Trends in power supply packaging – advances in component integration

October 13, 2014 //By Patrick Le Fevre
Trends in power supply packaging – advances in component integration
Patrick Le Fevre considers trends in power supply packaging and looks at advances in component integration.

Customers are pushing for increasing power per board and implementing ever more silicon on the PCB with the result that increasing processing density in high-end server designs will continue to have an impact on future power systems. The power demand per board in ICT data servers has increased from 300 W in the early 1980s to more than 1kW today – and it is anticipated that power of 3‑5 kW per board will be required by 2020. Current DC/DC power converter solutions and technologies are not adequate at these power levels.

Today, a 1kW DC/DC converter in a quarter-brick format is a reality with power density figures that could not even be imagined a few years back. Could a 1kW eighth-brick be possible in the near future with advanced packaging and highly integrated components?

This article takes a look at where the power industry is going in terms of component integration, thermal management and more than doubling DC/DC power converter density compared with current state‑of‑the‑art technology.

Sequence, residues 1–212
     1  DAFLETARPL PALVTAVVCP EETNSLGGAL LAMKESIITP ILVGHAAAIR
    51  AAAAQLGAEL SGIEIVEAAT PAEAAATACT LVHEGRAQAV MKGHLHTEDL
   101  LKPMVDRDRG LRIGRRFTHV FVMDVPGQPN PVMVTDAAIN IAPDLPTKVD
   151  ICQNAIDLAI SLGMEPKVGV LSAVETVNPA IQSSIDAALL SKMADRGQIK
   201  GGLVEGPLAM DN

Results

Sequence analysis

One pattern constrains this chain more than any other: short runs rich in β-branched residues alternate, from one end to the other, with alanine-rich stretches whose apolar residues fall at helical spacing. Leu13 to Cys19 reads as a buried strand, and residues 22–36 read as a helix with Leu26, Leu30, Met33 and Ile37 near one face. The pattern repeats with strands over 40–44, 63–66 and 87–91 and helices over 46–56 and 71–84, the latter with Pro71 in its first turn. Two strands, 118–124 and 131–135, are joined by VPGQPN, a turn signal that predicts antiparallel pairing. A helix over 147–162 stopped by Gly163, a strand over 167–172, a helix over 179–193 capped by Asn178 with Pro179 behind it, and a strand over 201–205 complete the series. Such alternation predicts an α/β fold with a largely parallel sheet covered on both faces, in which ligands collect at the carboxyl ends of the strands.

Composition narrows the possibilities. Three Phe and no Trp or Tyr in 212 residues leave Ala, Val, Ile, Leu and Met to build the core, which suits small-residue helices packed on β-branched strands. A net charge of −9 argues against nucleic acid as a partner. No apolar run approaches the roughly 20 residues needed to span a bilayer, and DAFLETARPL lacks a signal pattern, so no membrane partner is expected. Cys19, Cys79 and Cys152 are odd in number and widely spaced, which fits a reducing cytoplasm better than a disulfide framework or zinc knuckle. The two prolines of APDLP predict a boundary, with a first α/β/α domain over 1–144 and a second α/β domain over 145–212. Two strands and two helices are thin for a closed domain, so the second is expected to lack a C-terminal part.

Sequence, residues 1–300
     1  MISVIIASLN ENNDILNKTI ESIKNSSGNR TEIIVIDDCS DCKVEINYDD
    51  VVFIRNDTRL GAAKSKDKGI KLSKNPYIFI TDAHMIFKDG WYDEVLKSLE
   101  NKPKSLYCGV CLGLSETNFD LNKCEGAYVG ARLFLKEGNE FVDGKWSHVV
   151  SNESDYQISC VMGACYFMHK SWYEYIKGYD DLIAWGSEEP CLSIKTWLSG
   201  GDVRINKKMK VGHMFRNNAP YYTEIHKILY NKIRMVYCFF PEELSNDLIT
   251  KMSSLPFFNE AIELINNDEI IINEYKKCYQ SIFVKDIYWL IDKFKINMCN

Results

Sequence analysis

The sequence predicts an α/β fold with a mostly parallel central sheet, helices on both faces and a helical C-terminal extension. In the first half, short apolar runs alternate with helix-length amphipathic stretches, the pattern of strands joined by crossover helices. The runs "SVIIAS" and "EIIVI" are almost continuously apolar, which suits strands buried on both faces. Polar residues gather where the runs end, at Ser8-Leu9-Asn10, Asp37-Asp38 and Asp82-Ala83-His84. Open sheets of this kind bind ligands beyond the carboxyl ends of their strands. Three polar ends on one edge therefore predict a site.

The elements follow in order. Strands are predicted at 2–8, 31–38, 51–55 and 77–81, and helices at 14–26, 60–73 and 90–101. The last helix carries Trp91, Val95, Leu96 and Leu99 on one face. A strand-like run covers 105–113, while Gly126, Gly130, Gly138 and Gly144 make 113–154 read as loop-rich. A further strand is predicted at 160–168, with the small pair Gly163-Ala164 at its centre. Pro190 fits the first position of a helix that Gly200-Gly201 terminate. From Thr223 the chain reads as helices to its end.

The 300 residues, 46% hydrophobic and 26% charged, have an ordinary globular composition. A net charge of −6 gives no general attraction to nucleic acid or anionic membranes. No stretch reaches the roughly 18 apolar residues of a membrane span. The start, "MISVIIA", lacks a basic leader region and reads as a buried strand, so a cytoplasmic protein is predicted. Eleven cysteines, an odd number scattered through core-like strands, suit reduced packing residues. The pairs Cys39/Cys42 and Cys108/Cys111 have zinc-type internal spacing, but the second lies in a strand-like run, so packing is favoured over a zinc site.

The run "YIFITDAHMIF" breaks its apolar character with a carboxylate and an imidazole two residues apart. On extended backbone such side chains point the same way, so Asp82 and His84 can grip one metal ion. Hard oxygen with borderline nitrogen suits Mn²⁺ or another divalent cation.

3D Packaging

Today’s DC/DC power converter bricks are still dominated by planar two-dimensional PCB constructions, but customer applications requiring smaller footprints, lower profile devices and reduced parasitic impedances are driving technology for high-density 3D packaging.
 
The use of 3D packaging technology is limited in these high power bricks, but there are promising developments in embedding both active and passive components, and PCB vendors see this as a major opportunity to move up the value chain. This will include chip stacking, package stacking and component embedding through over-molding. Very important in this area is the integration of magnetic materials with the ultimate solution being integration of the magnetic component on the semiconductor wafer.
 
The most common technique in 3D packaging is that of embedding components (both active and passive) within the PCB. Embedding of components in the PCB construction offers the power designer significant gains in footprint reduction, enhanced cooling possibilities and, for

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